The Toffees won two rounds in the Europa League, beating Ružomberok and Hajduk Split, but have lost to Atalanta and Lyon while drawing Apollon Limassol in Group E play.

Everton faces Chelsea in League Cup play on Wednesday before a critical early season match at Leicester City on Sunday.

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The Best: Neymar, Ronaldo, Messi — Is there a front-runner?

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While France Football has its Ballon d’Or winner somewhere on a 30-man shortlist, FIFA’s “Best” men’s player is down to an unsurprising three ahead of Monday afternoon’s ceremony.

Cristiano Ronaldo, Lionel Messi, and Neymar are up for the award, and there was no major summer tournament outside of the Confederations Cup — only Ronaldo participated — to help tilt the scales in one’s favor this summer.

[ MORE: Mbappe named Golden Boy ]

Of course, Ronaldo claimed another UEFA Champions League crown, but was far from the simple standout of the club. In international play, both Ronaldo and Messi’s World Cup qualifying campaigns came down to the wire while Neymar captained Brazil’s dominant ride through CONMEBOL.

The award, which is said to be for on- and off-field behavior, was voted on by national coaches, national captains, select members of the media and fans.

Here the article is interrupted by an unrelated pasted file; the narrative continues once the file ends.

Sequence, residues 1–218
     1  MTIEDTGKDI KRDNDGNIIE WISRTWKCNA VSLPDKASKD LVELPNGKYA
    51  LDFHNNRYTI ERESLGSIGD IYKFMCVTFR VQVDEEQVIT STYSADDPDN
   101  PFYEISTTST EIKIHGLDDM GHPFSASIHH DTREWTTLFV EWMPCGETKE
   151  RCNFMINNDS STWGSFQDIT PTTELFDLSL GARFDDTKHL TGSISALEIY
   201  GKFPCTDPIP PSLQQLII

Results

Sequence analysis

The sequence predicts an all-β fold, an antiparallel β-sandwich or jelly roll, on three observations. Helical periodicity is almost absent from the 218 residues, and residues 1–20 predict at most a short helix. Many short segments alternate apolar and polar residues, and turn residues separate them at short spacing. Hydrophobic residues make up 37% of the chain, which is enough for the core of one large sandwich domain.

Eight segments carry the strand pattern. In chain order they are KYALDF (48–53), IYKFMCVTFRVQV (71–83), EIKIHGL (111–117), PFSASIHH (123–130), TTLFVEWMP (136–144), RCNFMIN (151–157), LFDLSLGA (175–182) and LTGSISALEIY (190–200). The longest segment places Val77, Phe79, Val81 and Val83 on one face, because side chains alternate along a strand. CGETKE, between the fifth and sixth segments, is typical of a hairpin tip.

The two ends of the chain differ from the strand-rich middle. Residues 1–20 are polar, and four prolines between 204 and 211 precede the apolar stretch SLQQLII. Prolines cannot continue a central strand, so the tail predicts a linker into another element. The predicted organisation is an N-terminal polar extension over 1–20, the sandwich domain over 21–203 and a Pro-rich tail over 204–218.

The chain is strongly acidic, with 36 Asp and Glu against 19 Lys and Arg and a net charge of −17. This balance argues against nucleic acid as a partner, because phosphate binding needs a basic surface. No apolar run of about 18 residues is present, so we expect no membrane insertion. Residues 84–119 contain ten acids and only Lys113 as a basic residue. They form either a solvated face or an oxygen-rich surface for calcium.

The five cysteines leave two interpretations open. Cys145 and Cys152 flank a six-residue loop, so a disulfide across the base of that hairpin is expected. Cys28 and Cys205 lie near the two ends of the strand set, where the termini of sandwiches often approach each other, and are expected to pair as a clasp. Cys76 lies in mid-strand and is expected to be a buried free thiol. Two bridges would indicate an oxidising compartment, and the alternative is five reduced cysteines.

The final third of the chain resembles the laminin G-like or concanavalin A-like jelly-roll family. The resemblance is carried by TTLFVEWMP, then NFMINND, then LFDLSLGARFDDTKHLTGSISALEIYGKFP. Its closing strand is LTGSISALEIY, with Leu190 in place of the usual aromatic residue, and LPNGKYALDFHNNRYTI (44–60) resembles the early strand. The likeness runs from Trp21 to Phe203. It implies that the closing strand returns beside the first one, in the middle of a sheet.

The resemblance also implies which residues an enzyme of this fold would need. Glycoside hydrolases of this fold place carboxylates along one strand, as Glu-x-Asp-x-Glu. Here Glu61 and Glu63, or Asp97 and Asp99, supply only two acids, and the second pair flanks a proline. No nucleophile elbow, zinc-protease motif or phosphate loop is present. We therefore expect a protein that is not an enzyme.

Ronaldo is the favorite according to hardware, while Messi’s numbers and Neymar’s playmaking both can lay claim to the throne.

Stats since start of 2017

Lionel Messi

Club goals: 46
Club assists: 16
Country caps: 6
Country goals: 4
Accolades: World Cup qualifier, Copa Del Rey winner

Neymar

Club goals: 24
Club assists: 21
Country caps: 6
Country goals: 2
Country assists: 3
Accolades: World Cup qualifier, Copa Del Rey winner

Cristiano Ronaldo

Club goals: 31
Club assists: 7
Country caps: 11
Country goals: 11
Country assists: 4
Accolades: Confederations Cup semifinal, World Cup qualifier, Champions League winner, La Liga winner

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Mbappe wins Golden Boy over Rashford, Pulisic, Gabriel Jesus

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Paris Saint-Germain, France, and (former) Monaco starlet Kylian Mbappe has claimed the Golden Boy Award over Ousmane Dembele, Christian Pulisic, and others.

[ MORE: TFC sets MLS record ]

The Golden Boy is chosen from the top Under-21 players in Europe, and the short list had the above names and 22 more including Gabriel Jesus, Gianluigi Donnarumma, and Marcus Rashford.

Mbappe, still 18 until Dec. 20, has four goals and four assists this season for PSG after scoring 26 goals with 14 assists for Monaco last season. He also has a goal for France.

The teenager likely played the biggest role at the biggest club last season, though Donnarumma was exceptional at Milan, Jesus’ injury conspired against him at Man City, and Marcus Rashford was very good for United.